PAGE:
1. It is essential to have a clear statement on the obligations of the government towards civil society, NGOs and INGOs. Sri Lanka needs to strengthen its legislation and regulatory apparatus in a rational way. Legislations or regulations should not automatically mean restricting work and the Government must change its attitude from ‘restricting NGOs’ to ‘working together with NGOs’. For this purpose, legislation ought to include obligations by the Government (e.g. coordination, promotion of work in certain areas, actively promote work in areas of development) and a strict code of conduct for government officials too. Government must ensure that there is no witch-hunt or ostracising of religious NGOs. Extreme caution must be exercised when dealing with NGOs working in the northern and eastern parts of the country. The benefits of humanitarian assistance by the NGOs must be balanced with the risks to national security, and the risks to the lives of NGO workers. Some NGOs perform a vital function by highlighting human rights violations of the state and environmental issues. These are on the long-term beneficial to Sri Lanka.

2. Registration of NGOs is an obvious step, which is being done now. In order to the registered, Sri Lanka has to re-look at the criteria being used. Thailand takes into consideration the following: Thailand’s national economic and social development policies; national security; Thailand’s relations with other countries; policies and goals of foreign NGOs concerned; as well as views and suggestions of Thai agencies concerned. Furthermore, foreign NGOs intending to operate in Thailand must be non-profit and non-political organisations.`A0

3. The Register must be freely available to any citizen of the country and have information on the objectives. For example, the Charity Commissioner UK, responsible for registering charities has the following site http://www.charity-commission.gov.uk/re ... efault.asp . (You can obtain information about many of the International NGOs operating in Sri Lanka from this site). The register must contain funding sources. (Are the funds coming from foreign governments, or communities, or from a left or right wing extremist group?). What are the administrative costs compared to the funds, which reached the beneficiaries? This information should be available without having to go through complicated accounts and audits.

4. The information on objectives, funding and type of assistance must be available in the publicity material of the NGOs (e.g. leaflets). The NGO should clearly state in the leaflets its political and religious affiliations. The much talked about transparency should be practiced by the NGOs. This will enable people whom they wish to help know what to expect. NGOs, which deliberately avoid giving such information, are guilty of violating the basic human right of Sri Lankans to information.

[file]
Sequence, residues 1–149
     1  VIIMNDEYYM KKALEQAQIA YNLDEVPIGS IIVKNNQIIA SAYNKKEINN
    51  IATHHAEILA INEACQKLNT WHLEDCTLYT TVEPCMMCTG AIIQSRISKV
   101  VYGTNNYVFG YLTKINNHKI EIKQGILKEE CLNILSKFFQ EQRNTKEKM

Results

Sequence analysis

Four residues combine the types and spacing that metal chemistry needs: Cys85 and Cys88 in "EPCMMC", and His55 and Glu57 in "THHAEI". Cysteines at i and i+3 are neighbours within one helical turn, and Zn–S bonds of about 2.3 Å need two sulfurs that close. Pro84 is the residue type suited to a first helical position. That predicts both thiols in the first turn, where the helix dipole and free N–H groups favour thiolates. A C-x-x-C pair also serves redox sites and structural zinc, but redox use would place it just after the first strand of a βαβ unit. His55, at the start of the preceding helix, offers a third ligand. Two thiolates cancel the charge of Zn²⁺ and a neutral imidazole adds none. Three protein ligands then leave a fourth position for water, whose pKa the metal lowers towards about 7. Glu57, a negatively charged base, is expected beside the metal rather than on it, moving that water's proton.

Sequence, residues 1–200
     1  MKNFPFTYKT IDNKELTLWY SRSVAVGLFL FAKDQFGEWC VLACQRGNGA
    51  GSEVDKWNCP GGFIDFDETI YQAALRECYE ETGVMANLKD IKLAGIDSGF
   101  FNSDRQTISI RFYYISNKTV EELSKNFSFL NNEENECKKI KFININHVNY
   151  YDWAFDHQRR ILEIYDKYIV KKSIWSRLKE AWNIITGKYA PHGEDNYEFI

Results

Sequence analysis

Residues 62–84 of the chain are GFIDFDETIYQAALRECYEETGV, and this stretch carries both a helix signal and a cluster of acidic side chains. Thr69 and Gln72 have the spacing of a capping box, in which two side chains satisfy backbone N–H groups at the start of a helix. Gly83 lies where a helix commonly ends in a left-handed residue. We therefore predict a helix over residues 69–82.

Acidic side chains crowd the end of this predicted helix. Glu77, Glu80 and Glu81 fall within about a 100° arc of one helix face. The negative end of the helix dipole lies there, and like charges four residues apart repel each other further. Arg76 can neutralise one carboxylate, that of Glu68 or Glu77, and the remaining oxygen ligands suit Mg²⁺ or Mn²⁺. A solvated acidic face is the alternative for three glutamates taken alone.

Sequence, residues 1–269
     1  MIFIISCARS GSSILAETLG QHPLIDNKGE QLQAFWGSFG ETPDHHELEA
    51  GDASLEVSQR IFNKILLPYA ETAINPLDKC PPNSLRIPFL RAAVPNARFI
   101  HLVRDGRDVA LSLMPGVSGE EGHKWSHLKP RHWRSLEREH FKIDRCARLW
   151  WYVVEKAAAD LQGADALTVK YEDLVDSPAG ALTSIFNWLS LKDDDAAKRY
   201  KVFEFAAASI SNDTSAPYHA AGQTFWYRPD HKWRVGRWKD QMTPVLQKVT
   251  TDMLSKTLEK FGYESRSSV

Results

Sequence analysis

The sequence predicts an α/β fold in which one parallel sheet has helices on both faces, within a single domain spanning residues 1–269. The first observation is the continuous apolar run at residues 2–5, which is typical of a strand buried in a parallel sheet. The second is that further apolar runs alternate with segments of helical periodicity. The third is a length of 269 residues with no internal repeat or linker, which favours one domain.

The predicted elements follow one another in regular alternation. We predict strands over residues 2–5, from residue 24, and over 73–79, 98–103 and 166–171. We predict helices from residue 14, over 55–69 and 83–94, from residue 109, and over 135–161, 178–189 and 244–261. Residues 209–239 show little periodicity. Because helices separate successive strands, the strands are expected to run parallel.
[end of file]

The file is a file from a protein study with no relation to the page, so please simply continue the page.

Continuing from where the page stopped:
5. Broad guiding principles on humanitarian aid in the country have to be stated by the Government. This will help to direct resources where it is needed.

a. Priorities for humanitarian assistance in the country should be listed and described (e.g. shelter for Internally Displaced)

b. Specific areas where NGOs are not welcome must be stated, such as work compromising national security or adversely affecting the harmonious co-existence of a multi-cultural society

c. Guidelines on utilisation of funds (e.g. a ceiling on the proportion which can be spent as administrative costs and on foreign consultants).

d. Specific principles on how NGOs should conduct themselves in the country have to be spelt out. As stated before, there are areas of the Code, which must be improved. For example, let us consider the process to be adopted when a NGO wishes to "espouse opinions" or conduct religious activities (i.e. non-humanitarian assistance). Under such circumstances should consent be obtained to espouse the NGO’s opinions? From whom should consent be obtained? At what time should consent be obtained? A time of disaster is when people are very vulnerable to suggestions. Therefore, should consent for non-humanitarian assistance be obtained after completing their humanitarian assistance?

The Government ought to use the Code of Conduct of the ICRC as a starting point for their discussions with the NGOs, local communities, Ministry of Social Services and other stakeholders. A Select Committee of MPs cannot do this, and the active participation of the community and a vibrant media are all needed to contribute towards removing the bad eggs from the basket. The Government should also call upon the international organisations (e.g. UN and ICRC) to develop a fresh Code of Conduct and a regulatory framework to guide INGOs.